Posted on | September 1, 2013
Written by | James Laurenti
According to a 2012 consumer review survey by a leading digital marketing news website, SearchEngineLand.com, about 85% of consumers use the internet to find local businesses. Needless to say, potential customers are out there, and we want them to find us. Luckily, within the past few years a number of effective, free online resources have become available to help in this effort. Even without a website for your business, you can still leverage these tools to help local consumers find you online.
When a user wants to find a local business, the common starting point is a search engine, namely Google.com. Years ago if you entered a keyword search into Google, the only results would be website links. However, in the past year, Google has enhanced their search engine to highlight local businesses—regardless if they have a website or not. Just try typing “wine store [your city, state here],” and look at the results. Not only do you see the list of organic search results that we have always come to expect, but you also get a conspicuous box showing different local retailers plus an interactive map that links to a full-screen view of all stores in the context of their location.
This information is populated by a free service called Google Places, a simple tool that allows a business to take control of their digital identity with the search engine. After verifying that you’re the business owner/manager, you can update the store name, address, hours, and include a picture and short description. This information is then displayed whenever a user performs a relevant keyword search.
Another free product from Google worth highlighting is their social media platform, Google+. While Facebook dwarfs Google+ in its user base, Google prefers to list its social media’s business pages higher in organic search results than Facebook, which makes the service particularly valuable. Through Google+’s tools, you can create your own page featuring pictures, videos, and information about your business itself. In the past year, Google has also added a featured called Google+ Local, which allows consumers to rate and review businesses; those reviews are then incorporated into Google.com’s search results. Therefore, though the social media service might not have as many active users, there are some immediate benefits to creating a Google+ Business Page, which should only increase in value as consumer acceptance of the service grows.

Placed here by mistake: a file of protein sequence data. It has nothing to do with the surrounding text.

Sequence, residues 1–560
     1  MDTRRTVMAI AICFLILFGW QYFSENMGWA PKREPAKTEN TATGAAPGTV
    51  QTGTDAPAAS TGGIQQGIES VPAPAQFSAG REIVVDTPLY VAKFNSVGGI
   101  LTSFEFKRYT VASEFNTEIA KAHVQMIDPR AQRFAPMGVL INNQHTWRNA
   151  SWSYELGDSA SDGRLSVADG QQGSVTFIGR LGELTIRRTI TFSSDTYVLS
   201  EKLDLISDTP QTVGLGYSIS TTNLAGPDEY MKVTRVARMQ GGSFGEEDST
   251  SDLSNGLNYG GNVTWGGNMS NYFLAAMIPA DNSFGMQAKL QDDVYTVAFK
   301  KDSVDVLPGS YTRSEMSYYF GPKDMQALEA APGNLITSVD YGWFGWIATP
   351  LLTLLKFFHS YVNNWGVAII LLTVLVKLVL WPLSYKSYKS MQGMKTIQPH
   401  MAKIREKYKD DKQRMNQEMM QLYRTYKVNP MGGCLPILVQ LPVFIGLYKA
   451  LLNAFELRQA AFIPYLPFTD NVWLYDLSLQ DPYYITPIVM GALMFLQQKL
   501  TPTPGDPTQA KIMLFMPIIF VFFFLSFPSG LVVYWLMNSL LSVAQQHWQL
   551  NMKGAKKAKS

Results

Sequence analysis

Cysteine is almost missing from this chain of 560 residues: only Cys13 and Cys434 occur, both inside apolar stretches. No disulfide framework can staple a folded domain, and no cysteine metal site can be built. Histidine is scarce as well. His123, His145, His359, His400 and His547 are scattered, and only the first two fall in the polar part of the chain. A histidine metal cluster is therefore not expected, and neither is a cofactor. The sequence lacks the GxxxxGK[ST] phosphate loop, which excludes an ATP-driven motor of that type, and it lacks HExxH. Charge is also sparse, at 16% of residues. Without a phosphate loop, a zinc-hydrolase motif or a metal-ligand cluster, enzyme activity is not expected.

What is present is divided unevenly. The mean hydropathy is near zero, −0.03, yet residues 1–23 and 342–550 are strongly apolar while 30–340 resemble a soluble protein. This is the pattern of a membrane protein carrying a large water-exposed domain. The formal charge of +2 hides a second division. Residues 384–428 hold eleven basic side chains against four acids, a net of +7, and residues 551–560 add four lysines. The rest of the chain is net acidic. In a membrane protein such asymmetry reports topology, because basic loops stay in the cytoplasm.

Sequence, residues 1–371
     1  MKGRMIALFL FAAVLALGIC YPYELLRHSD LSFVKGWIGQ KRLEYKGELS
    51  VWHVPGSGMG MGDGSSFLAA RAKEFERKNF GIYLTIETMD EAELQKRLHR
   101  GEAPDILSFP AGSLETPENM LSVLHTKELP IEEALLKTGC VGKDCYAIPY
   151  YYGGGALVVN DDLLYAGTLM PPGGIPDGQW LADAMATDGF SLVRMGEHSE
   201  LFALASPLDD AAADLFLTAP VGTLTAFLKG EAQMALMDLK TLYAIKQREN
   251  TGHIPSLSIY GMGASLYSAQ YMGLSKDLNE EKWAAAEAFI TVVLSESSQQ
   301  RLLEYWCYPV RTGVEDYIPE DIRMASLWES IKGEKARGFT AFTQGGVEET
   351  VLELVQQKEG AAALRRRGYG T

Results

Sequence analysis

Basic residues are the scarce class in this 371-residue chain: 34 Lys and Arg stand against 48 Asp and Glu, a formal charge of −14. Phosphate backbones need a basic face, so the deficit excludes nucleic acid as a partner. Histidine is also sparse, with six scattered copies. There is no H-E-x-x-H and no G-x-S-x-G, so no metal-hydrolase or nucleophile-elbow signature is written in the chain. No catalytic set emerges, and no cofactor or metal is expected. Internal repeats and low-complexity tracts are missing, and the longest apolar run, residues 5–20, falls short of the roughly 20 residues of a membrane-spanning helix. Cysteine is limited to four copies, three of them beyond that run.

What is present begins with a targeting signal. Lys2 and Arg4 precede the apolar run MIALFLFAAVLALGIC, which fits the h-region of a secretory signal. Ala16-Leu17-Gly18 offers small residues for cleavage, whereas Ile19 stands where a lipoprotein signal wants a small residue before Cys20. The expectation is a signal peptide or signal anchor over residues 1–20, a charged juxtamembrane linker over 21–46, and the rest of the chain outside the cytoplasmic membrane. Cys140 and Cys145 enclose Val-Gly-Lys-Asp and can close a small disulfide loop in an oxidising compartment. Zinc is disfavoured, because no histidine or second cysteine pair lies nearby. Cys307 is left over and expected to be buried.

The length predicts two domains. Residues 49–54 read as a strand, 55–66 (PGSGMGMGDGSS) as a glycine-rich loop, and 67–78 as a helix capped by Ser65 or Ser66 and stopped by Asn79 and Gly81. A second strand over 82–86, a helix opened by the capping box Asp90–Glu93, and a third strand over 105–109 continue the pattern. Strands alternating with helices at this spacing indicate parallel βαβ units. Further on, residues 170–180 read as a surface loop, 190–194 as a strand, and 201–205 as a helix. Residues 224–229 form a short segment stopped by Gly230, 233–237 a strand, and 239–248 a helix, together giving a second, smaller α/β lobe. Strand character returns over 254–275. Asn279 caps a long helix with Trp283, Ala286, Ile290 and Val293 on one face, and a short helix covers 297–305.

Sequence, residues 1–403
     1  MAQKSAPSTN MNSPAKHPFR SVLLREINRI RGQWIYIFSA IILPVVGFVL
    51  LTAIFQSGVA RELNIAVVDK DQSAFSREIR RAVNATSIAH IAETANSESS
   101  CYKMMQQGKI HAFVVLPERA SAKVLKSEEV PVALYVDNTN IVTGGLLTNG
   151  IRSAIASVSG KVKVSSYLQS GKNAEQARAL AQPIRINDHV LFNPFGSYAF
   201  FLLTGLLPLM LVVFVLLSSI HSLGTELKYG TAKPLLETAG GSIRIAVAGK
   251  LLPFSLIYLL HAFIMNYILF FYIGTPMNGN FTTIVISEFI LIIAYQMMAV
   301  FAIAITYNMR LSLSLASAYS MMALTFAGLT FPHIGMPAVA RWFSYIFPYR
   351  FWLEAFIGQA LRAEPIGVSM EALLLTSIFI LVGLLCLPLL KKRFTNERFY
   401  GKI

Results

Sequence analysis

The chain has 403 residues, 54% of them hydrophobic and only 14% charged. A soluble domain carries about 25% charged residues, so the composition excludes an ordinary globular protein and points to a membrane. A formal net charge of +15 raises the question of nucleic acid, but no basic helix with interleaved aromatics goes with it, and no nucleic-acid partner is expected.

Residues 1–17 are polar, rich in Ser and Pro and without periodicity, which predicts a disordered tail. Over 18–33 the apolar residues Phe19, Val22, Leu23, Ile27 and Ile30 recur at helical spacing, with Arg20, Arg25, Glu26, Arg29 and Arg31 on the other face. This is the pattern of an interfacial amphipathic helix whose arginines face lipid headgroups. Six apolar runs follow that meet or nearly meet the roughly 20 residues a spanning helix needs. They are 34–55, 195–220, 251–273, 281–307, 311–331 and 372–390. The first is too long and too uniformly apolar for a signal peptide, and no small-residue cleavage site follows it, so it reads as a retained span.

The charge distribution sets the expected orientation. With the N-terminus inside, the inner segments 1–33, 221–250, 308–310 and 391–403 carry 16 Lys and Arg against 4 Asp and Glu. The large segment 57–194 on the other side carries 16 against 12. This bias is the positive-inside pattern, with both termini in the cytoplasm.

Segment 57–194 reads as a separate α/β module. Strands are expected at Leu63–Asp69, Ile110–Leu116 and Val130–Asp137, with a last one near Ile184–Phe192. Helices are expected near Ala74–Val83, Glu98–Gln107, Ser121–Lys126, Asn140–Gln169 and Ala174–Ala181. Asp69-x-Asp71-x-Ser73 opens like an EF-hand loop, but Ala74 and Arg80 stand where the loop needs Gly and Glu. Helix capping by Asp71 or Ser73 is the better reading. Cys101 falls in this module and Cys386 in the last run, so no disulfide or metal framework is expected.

Google Places and Google+ Business Pages are two effective free resources that can help increase your store’s digital profile. However, there are others that merit some attention—particularly Facebook’s Pages platform and Yelp’s Business Account tools. Ultimately, if there’s no cost of entry, it’s worth having a presence on any service that consumers in your local area may use. Each helps broaden your digital exposure and makes it less difficult for someone to overlook your business. That said, if you are just beginning to review your presence online, Google is a great place to start.
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a website for your store, visit BevSites.com or contact Ian Griffith at 617-864-1677.
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